At least that’s what our research at Verdant Labs shows. While developing the Nametrix app, we analyzed public records to find the most inordinately common names in each profession.
Take Elvis, for example. There aren’t all that many Elvises out there, but a particularly high percentage of them are musicians. As a result, Elvis ranks high among musician names. Elvis isn’t the most common name among musicians — that’s likely to be John or some other very popular name. What’s interesting is that it’s way more common among musicians than you might expect, given how rare it is. In other words, it’s common in that profession relative to its overall frequency.
Fortunately, the math behind this isn’t too complicated. Here’s another example, this time with some numbers. In our sample of two and a half million people, a whopping 1.9% of Arnolds are accountants. Contrast that with just 0.55% of Shanes. Arnolds therefore appear to have a much higher tendency to be accountants than Shanes.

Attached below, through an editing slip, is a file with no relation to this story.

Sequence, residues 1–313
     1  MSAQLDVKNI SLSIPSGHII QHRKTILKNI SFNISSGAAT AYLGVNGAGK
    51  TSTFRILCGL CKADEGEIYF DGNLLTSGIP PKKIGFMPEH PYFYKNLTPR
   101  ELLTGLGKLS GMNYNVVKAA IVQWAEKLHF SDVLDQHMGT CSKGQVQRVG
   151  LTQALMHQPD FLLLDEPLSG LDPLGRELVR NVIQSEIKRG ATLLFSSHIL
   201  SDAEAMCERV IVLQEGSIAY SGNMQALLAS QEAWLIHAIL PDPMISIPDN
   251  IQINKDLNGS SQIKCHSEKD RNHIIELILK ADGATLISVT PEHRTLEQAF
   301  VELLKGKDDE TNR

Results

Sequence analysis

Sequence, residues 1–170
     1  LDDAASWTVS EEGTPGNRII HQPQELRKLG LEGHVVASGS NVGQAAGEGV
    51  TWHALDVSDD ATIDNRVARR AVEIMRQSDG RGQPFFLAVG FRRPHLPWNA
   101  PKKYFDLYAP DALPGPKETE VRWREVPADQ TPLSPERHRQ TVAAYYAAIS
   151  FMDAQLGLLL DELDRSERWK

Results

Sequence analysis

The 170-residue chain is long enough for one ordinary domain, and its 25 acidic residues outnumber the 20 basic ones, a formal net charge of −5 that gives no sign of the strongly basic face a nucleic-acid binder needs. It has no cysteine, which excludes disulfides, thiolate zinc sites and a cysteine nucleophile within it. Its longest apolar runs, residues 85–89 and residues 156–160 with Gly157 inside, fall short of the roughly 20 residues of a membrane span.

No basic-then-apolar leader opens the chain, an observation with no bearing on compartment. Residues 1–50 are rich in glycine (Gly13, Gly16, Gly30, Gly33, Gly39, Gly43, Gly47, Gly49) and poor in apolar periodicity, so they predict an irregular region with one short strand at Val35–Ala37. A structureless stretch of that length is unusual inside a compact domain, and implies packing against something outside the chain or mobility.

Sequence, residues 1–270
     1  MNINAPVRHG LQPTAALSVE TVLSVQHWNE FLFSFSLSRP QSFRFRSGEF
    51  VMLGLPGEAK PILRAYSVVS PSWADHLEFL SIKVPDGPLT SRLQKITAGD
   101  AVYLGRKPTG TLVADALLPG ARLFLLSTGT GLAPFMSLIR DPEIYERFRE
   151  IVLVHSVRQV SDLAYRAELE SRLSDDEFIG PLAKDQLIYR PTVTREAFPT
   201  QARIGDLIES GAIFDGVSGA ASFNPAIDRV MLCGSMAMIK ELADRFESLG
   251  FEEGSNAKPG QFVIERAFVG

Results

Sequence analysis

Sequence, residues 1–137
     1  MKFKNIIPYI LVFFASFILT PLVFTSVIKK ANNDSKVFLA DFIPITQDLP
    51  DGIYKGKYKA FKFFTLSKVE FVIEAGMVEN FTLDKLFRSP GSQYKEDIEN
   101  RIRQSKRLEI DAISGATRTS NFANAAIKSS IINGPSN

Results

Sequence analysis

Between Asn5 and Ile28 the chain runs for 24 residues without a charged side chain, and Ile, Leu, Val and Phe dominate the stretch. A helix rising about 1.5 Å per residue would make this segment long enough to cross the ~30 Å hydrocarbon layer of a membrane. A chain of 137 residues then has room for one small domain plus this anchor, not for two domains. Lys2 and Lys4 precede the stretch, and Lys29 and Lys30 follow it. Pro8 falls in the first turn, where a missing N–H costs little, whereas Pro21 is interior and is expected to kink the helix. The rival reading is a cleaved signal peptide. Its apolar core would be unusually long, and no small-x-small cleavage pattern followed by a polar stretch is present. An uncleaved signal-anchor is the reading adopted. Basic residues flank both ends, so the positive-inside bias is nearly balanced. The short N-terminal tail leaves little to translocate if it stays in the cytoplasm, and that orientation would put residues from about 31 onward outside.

Let’s look at some top names for other professions.
So, do our names influence where we go in life? Or do the social, geographic, economic, and other factors that might have influenced how our parents named us also direct our career paths?
Our hunch is that it’s mostly the latter, but bear in mind that the connection is subtle. Love the name Erik but don’t want your son to be a daredevil? Don‘t let the fact that Eriks have a particularly high tendency to become stuntmen stop you from picking that name.
Similarly, naming your daughter Holly doesn’t mean she’ll automatically grow up to become a world-renowned surgeon. She’ll have to go to med school first.
MarkEdmond is a Seattle-based app developer and founder of Verdant Labs. He was inspired to create the Lullaby Lyrics app when he realized his repertoire was so limited it put him to sleep rather than his daughter. Nametrix was fueled by an interest in the hard data behind names and helped with the naming of his son.